Yet another example. I am short-sighted, and wish to have a pair of spectacles. For this I require ground and polished glasses, and a steel framework. But all that nature offers towards that end is silicious earth and iron ore. How am I to transform these into spectacles? Work as I may, it is as impossible for me to make spectacles directly out of silicious earth as it would be to make the steel frames out of iron ore. Here there is no immediate or direct method of production. There is nothing for it but to take the roundabout way, and, indeed, a very roundabout way. I must take silicious earth and fuel, and build furnaces for smelting the glass from the silicious earth; the glass thus obtained has to be carefully purified, worked, and cooled by a series of processes; finally, the glass thus prepared—again by means of ingenious instruments carefully constructed beforehand—is ground and polished into the lens fit for shortsighted eyes. Similarly, I must smelt the ore in the blast furnace, change the raw iron into steel, and make the frame there from processes which cannot be carried through without a long series of tools and buildings that, on their part again, require great amounts of previous labour. Thus, by an exceedingly roundabout way, the end is attained.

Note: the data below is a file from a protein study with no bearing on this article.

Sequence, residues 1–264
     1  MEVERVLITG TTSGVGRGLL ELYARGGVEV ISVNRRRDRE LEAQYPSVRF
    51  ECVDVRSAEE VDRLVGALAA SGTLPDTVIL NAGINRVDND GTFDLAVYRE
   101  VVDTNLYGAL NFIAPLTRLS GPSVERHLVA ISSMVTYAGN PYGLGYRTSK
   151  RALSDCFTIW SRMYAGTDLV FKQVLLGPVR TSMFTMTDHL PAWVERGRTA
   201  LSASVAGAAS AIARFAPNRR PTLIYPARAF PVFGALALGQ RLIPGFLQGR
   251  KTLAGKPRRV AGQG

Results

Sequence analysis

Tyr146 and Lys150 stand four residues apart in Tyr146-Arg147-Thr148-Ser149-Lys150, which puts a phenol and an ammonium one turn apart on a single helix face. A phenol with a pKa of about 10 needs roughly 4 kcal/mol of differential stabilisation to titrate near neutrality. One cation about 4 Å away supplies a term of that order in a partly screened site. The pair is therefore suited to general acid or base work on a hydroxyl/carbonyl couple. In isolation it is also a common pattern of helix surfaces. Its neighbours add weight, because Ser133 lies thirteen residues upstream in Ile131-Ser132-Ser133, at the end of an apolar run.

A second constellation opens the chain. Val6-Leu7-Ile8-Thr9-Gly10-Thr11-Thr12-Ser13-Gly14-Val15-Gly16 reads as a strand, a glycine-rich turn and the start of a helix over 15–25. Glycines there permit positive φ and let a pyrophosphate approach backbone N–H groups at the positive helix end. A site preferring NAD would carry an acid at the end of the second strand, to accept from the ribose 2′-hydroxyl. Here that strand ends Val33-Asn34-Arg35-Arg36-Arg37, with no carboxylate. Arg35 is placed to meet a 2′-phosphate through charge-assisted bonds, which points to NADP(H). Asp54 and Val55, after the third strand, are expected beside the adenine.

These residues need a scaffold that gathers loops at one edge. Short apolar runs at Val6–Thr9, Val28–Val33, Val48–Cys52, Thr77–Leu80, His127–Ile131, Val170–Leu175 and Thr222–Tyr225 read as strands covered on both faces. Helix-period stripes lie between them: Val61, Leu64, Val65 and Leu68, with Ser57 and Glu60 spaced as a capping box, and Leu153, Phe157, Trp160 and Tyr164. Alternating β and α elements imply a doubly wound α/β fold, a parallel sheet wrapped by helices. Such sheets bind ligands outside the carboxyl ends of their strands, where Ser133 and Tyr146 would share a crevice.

The lesson to be drawn from all these examples alike is obvious. It is—that a greater result is obtained by producing goods in roundabout ways than by producing them directly. Where a good can be produced in either way, we have the fact that, by the indirect way, a greater product can be got with equal labour, or the same product with less labour. But, beyond this, the superiority of the indirect way manifests itself in being the only way in which certain goods can be obtained; if I might say so, it is so much the better that it is often the only way!
That roundabout methods lead to greater results than direct methods is one of the most important and fundamental propositions in the whole theory of production. It must be emphatically stated that the only basis of this proposition is the experience of practical life. Economic theory does not and cannot show